EDUCATION bosses were today urged to send special action teams into city schools to work with 13 and 14-year-olds to boost their chances of securing jobs or courses when they leave.
Shock figures published earlier this year ranked Edinburgh last out of Scotland’s 32 local authorities for school leavers going into education, training or employment.
An average of one in six pupils did not have a “positive destination” when they left school. In five schools, more than a quarter of pupils were leaving to become unemployed.
Now Lothians Labour MSP Kezia Dugdale is calling for special teams of youth workers trained in skills advice to go into schools to help youngsters work out what they are interested in and what they would like to do with their future.
She welcomed council initiatives on apprenticeships and work placements, but said the help for pupils most at risk of going straight from school to the dole queue had to start much earlier.
She said: “It’s far too late when they are 16 and they go and get one session of careers advice which tells them they should become a mechanic.
“It’s no good waiting until they are failing their Standard Grades. We need to get in there much earlier, when they are 13 or 14, find out what they are good at, give them the confidence to know what they are good at.”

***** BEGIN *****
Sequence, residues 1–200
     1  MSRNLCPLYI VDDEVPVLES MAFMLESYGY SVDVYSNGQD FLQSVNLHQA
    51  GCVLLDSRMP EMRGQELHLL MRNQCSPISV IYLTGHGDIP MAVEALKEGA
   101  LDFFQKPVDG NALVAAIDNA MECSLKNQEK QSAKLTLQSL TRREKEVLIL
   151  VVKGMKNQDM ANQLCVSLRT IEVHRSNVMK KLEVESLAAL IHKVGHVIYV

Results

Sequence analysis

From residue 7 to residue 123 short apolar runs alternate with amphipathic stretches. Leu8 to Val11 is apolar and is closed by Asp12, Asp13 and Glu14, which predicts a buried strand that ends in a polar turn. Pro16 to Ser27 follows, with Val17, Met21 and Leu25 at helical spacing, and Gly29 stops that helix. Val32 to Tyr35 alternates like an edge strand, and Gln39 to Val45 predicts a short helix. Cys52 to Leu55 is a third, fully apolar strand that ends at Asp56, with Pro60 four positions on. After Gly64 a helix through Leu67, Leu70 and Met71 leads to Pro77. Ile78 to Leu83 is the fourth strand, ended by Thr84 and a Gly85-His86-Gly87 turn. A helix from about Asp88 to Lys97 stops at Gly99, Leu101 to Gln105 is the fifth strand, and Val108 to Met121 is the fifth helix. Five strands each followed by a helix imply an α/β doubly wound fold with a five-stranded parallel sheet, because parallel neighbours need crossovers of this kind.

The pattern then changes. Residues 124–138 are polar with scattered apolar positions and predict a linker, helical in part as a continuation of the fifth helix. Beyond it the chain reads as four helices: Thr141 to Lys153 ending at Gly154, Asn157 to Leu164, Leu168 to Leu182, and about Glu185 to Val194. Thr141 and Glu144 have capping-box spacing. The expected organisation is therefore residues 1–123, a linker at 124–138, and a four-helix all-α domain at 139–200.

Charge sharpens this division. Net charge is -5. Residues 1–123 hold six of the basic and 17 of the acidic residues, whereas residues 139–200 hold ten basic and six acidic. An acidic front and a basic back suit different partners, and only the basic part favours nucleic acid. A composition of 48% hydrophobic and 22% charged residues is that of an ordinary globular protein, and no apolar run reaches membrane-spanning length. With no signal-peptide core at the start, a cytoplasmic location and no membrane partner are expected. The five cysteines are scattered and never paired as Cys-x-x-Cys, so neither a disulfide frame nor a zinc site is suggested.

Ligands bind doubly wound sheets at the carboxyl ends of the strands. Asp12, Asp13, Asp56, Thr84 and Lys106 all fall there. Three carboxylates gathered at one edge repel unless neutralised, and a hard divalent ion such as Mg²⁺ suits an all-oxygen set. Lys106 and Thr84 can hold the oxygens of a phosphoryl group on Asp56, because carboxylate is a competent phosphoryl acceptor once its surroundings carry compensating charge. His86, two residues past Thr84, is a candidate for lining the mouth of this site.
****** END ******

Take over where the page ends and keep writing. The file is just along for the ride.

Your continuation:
She said one Edinburgh school, James Gillespie’s, had benefited from a similar programme sponsored by Vodafone, but the three-year funding came to an end last year.
She added that her proposed scheme should be targeted at the five schools where pupils are most at risk of not having a positive destination – Craigroyston, Wester Hailes, Drummond, Castlebrae and Forrester.
Jim Murphy, director of youth sector organisation Rathbone, which ran the “Lifetrack” scheme at Gillespie’s, said it was important to engage with young people on their prospects long before their school leaving date.
He said “Help needs to be there when kids are making their choices. Every parent wants what’s best for their children and they might think that means college or university, but in some cases that’s not going to be realistic and we need to start working with them around what can be achieved.
“Young people face increased competition for jobs. College places are tight, jobs are much tighter. The young people we deal with are really struggling to compete for what is available.”
City education leader Marilyne MacLaren said: “We run a range of programmes which ensure that pupils get the best support from businesses and organisations. We’re confident this work is making an impact.”